International Motivational Speaker Simerjeet' Singh's Blog


  1. Neera Suresh

    Thankful to you that you addressed this issue. But what do you do about those kids who are indecisive about their futurue till the deadline is over. My daughter otherwise very decisive about singining does not want to pursue it professionally neither wants to study engineering and shes unsure what she wants to do further. She’s confused now- who will be able to remove her confusion- we the knowledge lacking desperate parents? the non existent career counselor? the school? who?or let time tell(by then the child blames the parents for not being able to guide)? but then there is this question about competitive exams or if not pre prepared one faces gap year which is not seen as a plus for getting hired in companies one needs to work in! There’s a lot about what goes in the parents mind and I am such a parent..Thanks once again

    • I can understand your dilemma. Actually a majority of kids are ‘indecisive’ when it comes to picking what’s right for them. That indecisiveness can stem from many factors such as fear of failure, lack of self belief, lack of role models, negative reinforcement by parents or peers etc. This haziness about the future is an essential part of growing up. And the since many new options have emerged, the confusion has increased as well.

      So you might have a situation where despite being aware of his/her talent, a child is not willing to go after it because that idea inside his/her mind had not received the nourishment YET. The road to the living one’s highest potential is not a straight one, one has goes through several peaks and valleys and wrong turns before finding one’s true north.

      Therefore, it’s not a one off process and parents have to partner with their young ones to help figure out what’s best. But remember, THEY must be the key influencers when it comes to choice making and it does involve risk but who says doing what everyone else is doing is not risky. Help you daughter tune into her real self and I’m sure she will gain clarity. God bless.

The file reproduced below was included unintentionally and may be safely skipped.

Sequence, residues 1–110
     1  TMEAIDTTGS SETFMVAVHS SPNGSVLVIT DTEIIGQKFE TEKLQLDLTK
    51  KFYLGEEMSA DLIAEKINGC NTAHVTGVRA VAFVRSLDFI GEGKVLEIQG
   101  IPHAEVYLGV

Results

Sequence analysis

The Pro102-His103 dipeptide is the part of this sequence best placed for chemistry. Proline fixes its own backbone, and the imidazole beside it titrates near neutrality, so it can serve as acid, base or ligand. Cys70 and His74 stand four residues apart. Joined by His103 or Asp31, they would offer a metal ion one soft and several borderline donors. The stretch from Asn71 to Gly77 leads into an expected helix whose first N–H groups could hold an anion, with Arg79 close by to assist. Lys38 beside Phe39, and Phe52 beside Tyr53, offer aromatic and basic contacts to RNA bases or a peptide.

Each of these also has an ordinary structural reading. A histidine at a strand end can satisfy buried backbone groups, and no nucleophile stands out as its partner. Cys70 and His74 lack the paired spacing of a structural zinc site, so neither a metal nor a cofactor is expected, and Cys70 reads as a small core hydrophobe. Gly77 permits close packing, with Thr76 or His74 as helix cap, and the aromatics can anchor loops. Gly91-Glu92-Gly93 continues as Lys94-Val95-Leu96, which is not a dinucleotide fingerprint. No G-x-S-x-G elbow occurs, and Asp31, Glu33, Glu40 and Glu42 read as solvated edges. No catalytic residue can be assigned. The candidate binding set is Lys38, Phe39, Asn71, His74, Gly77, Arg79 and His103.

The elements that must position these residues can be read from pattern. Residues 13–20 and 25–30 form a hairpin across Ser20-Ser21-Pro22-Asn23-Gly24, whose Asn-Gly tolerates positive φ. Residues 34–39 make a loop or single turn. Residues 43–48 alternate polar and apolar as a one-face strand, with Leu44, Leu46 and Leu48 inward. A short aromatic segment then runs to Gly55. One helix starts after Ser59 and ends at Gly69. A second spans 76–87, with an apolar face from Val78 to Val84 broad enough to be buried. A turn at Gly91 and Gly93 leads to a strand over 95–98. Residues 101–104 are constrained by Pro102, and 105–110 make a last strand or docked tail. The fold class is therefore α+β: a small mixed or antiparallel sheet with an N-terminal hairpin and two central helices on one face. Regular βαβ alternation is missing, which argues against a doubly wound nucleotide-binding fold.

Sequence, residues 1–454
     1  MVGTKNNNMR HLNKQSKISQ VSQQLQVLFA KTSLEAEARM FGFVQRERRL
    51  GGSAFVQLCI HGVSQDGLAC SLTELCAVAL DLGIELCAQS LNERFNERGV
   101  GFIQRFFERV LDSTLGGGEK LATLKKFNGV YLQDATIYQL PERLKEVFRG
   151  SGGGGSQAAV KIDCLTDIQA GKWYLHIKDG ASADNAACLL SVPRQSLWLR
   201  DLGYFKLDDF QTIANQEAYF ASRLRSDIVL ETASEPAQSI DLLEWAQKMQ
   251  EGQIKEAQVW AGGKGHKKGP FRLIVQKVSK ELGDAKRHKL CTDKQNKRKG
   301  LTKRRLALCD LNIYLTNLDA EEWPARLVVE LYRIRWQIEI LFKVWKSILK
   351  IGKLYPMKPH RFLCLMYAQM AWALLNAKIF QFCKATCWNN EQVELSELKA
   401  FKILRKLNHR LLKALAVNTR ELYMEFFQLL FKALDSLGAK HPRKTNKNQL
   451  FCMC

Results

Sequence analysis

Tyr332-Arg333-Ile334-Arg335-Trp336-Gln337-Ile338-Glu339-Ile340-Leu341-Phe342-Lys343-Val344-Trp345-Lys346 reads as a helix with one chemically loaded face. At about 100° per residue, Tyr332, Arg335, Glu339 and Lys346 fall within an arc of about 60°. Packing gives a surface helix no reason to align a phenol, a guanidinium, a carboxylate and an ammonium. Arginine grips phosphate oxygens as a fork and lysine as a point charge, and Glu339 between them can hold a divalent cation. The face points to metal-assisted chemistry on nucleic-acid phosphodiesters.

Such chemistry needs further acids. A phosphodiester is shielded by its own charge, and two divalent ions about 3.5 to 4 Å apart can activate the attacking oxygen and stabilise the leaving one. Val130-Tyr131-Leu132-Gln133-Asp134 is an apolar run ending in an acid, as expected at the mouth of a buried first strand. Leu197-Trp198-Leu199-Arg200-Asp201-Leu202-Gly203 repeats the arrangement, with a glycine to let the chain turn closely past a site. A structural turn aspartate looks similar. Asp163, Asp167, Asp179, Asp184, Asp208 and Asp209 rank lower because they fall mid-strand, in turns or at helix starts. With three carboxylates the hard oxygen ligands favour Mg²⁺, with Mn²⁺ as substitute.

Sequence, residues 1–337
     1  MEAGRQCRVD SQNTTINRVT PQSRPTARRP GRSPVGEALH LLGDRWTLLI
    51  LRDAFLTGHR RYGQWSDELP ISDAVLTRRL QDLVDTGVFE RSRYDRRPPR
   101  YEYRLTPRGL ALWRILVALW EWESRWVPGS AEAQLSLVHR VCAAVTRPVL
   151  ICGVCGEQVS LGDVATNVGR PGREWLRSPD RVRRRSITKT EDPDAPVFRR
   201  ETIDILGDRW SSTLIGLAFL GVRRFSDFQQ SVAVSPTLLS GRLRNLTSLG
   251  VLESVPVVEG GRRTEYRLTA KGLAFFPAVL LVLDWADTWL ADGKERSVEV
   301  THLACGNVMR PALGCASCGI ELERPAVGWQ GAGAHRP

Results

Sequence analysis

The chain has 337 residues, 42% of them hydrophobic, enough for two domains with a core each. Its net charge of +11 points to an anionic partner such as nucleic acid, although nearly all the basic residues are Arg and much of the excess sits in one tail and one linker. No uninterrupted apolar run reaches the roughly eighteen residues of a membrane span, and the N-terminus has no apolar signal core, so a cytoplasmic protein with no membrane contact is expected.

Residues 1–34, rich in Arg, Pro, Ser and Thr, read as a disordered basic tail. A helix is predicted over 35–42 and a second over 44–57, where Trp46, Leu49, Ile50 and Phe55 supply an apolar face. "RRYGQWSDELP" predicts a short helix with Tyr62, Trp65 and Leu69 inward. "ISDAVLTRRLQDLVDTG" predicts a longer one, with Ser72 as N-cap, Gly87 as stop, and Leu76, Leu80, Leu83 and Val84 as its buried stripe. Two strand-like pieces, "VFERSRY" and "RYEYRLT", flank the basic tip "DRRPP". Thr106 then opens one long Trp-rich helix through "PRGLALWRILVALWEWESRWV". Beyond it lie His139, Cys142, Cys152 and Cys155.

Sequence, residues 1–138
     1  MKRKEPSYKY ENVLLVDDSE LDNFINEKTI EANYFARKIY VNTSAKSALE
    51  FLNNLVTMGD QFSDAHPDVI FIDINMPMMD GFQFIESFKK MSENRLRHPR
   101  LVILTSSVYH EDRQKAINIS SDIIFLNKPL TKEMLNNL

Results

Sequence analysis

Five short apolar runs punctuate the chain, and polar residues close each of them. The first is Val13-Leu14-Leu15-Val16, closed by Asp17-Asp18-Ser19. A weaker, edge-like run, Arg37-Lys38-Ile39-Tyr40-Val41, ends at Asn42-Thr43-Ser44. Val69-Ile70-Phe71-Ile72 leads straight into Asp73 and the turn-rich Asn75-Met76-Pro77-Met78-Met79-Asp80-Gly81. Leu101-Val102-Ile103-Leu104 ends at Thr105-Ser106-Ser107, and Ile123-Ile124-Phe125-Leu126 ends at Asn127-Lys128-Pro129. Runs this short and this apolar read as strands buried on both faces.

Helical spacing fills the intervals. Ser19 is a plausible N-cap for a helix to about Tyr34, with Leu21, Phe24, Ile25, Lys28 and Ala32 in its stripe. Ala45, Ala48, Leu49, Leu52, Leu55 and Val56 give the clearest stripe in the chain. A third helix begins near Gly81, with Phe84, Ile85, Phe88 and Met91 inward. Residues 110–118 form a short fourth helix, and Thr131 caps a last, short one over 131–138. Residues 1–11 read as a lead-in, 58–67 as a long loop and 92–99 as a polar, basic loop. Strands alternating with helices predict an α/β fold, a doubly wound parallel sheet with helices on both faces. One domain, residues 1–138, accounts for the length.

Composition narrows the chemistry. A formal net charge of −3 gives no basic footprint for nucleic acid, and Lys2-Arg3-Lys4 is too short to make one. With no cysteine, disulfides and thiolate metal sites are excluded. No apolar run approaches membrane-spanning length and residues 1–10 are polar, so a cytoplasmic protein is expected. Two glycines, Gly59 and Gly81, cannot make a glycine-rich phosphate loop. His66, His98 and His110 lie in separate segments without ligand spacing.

• I have always faced that tinge of fear before starting to write the very first word of an article; before stepping into a new office on my first day of work; before putting the brush on paper, wondering which painting will come out. It’s important that the child knows that he/she has a talent that will ultimately quantify into something substantial – money/fame/worth. Comparisons are inevitable, but if the child is counseled and guided about his/her existing talents, it might be easier for them to decide – or at least, show an inclination. One more deterrent to a child’s decision-making is the pressure of expectations that parents push on them, that they HAVE to succeed. If a parent manages to assure the child that it’s okay to fail, and that there is always a new day, a new task and a new career to move into, it might ease the pressure.

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